MORRIS PARK, the Bronx (PIX11) — About two dozen hospital police candidates were in the middle of a training session at Jacobi Medical Center on Tuesday when someone opened fire in a hospital waiting room, shooting another man.

Derek Jackson, who runs the arm of Teamsters Local 237 representing hospital police employed by NYC Health and Hospitals Corporation, was there attending a training session for new officers in their second day on the job.

“I was in the auditorium with about 28 new hospital police candidates,” Jackson says. “And then we saw the hospital instructors, the officers run out of the auditorium, and we knew right away something was wrong.”

The NYPD said that the alleged gunman, 25-year-old Keber Martinez of the Bronx, fired at another man after a stare down that escalated. Martinez was arrested late Tuesday.

Jackson said Tuesday’s shooting was the the fourth gun-related incident at the hospital within the last 14 months.

He had nothing but praise for the security staff that got the situation under control quickly. He pointed out that hospital police do not work for the NYPD, but are a separate entity with the City Health and Hospitals Co. 

They are not armed with guns, batons or tasers, and only recently started receiving bulletproof vests.

He also said his officers across the city are pulling overtime and double shifts, as the force is pounded by COVID. Jackson said low wages are making it more difficult to recruit new officers, and he points to Jacobi as an example.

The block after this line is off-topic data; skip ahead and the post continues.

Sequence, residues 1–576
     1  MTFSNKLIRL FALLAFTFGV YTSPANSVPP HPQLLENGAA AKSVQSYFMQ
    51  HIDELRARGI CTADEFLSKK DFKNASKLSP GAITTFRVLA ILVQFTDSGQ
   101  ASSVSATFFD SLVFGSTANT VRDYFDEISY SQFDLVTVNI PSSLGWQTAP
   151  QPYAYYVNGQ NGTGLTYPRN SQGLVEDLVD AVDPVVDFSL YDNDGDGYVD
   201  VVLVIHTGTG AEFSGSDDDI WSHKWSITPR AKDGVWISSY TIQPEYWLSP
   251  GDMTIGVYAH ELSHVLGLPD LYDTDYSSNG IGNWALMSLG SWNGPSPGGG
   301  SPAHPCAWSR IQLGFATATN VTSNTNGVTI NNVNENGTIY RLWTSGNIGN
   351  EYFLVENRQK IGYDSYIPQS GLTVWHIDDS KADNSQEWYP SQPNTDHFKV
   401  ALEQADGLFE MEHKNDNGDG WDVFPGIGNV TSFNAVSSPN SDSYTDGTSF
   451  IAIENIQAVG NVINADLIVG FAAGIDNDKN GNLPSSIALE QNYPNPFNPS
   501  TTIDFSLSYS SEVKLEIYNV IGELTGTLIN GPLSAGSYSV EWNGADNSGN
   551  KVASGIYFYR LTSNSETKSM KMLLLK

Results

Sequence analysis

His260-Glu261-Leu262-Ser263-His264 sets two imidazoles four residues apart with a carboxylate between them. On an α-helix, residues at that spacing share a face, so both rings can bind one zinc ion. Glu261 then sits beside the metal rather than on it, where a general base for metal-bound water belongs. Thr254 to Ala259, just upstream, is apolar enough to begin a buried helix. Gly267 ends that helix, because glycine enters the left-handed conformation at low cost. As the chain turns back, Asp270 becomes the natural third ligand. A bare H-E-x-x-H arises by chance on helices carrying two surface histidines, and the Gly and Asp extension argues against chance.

“Just like the doctors, just like the nurses, they are severely understaffed. Yesterday at Jacobi, which is [a] large hospital campus, they only had seven officers on duty,” Jackson said.

He said the minimum should be 13-14.

“And they did a magnificent job,” he said about the officers the were on duty.

A decade ago, there were 800-900 hospital police officers spread throughout HHC’s 11 acute hospitals and its dozens of inpatient, outpatient and mental health facilities, Jackson said. Now there are under 530 officers. In the last four years alone, HHC lost 180 officers.

“In this economy, people want to get hired with a living wage and do not want to accept a non-living wage, especially in New York City,” he said.

Jackson said the greatest impact on the officer ranks are members that have resigned because they were looking for higher pay.

But, he said, there are officers who’ve worked in hospitals for decades.

“We have a lot of individuals who retire that have done this their entire career,” Jackson says. “But we’re always looking for new people.”